Explore centuries of our region’s key events at the newly opened Asheville Museum of History

The museum opened Wednesday, Oct. 25 in Asheville’s oldest surviving house, the Smith-McDowell House.


View artifacts + read up on our region’s key developments and traditions.

Photo by AVLtoday

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Back in April, the WNC Historical Association announced plans to open the Asheville Museum of History — and after months of work, the museum opened its doors yesterday, Wednesday, Oct. 25.

Previously a house museum operated by the WNC Historical Association, the Smith-McDowell House underwent extensive renovations to transform into the Asheville Museum of History.

Take a look inside

Through permanent and rotating exhibits, the museum offers an expansive view of our region’s history and all of the communities that have contributed to it. “We want to be representative of everyone. We want people to be able to see themselves and their history here,” shares Museum Director Anne Chesky.

As you walk through the entrance, you’ll find tall glass kiosks encasing artifacts that illustrate the critical developments and traditions that shaped our area, from railroad construction to folk dancing.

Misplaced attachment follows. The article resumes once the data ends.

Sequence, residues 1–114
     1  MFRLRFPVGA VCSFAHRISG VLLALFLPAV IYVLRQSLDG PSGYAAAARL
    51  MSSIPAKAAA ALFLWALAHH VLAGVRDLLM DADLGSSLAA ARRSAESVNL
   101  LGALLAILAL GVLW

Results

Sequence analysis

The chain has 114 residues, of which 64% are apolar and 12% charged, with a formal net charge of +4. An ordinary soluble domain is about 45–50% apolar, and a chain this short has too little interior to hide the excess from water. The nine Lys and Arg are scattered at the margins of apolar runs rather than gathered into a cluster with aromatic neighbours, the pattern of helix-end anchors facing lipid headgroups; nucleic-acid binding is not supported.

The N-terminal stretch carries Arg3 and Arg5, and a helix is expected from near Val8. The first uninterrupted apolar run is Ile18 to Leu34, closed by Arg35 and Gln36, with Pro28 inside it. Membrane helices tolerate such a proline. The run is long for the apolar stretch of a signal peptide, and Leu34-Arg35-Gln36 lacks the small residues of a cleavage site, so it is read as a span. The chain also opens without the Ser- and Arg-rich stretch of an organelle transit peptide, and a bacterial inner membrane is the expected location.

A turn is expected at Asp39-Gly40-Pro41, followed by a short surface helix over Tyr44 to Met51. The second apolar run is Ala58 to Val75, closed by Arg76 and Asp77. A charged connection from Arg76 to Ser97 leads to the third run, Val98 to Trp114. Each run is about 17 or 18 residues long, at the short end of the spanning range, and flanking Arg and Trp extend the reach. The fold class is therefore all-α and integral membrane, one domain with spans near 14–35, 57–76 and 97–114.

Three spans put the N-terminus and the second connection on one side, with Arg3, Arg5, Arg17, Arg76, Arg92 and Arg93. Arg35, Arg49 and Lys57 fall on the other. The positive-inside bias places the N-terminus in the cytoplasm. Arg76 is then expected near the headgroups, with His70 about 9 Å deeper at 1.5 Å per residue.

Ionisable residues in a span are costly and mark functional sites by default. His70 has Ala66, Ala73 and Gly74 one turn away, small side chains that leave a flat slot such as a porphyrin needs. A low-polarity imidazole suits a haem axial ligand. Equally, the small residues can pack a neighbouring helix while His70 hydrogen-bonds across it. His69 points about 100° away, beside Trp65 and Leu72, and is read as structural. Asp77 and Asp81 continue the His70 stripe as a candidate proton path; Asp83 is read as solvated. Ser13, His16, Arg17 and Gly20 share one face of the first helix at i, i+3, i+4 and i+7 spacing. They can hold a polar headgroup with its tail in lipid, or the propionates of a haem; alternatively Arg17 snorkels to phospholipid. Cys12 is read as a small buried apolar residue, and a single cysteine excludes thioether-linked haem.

Take your time in the hallway as you explore a timeline of 103 key events in WNC’s cultural, economic, environmental, political, and social history, ranging from c1000 CE to the present day. This display is filled with major events that you may know a bit about, but there are plenty of engrossing inclusions that will give you a new perspective on the historic happenings of all 23 WNC counties.

timeline showing WNC history with artifacts in glass cases

Travel through centuries of WNC history.

Photo by AVLtoday

Then, dive into Spanish Renaissance architecture in the temporary exhibit showcasing the life and work of Rafael Guastavino, which was curated by MIT Professor of Architecture John A. Ochsendorf.

The museum is open Wednesday-Saturday from 11 a.m. to 5 p.m. Admission is $5 for adults, $2 for ages 7-17, and free for kiddos ages 6 and younger. Pro tip: Locals can get in for free on Wednesdays — just show your ID at check-in.

Getting involved

Beyond exploring the museum, there are plenty of ways you can get involved. Consider purchasing a membership or volunteering to be a docent (particularly on Saturdays). Plus, if you have any historical objects stored away in your attic, the staff can help preserve them.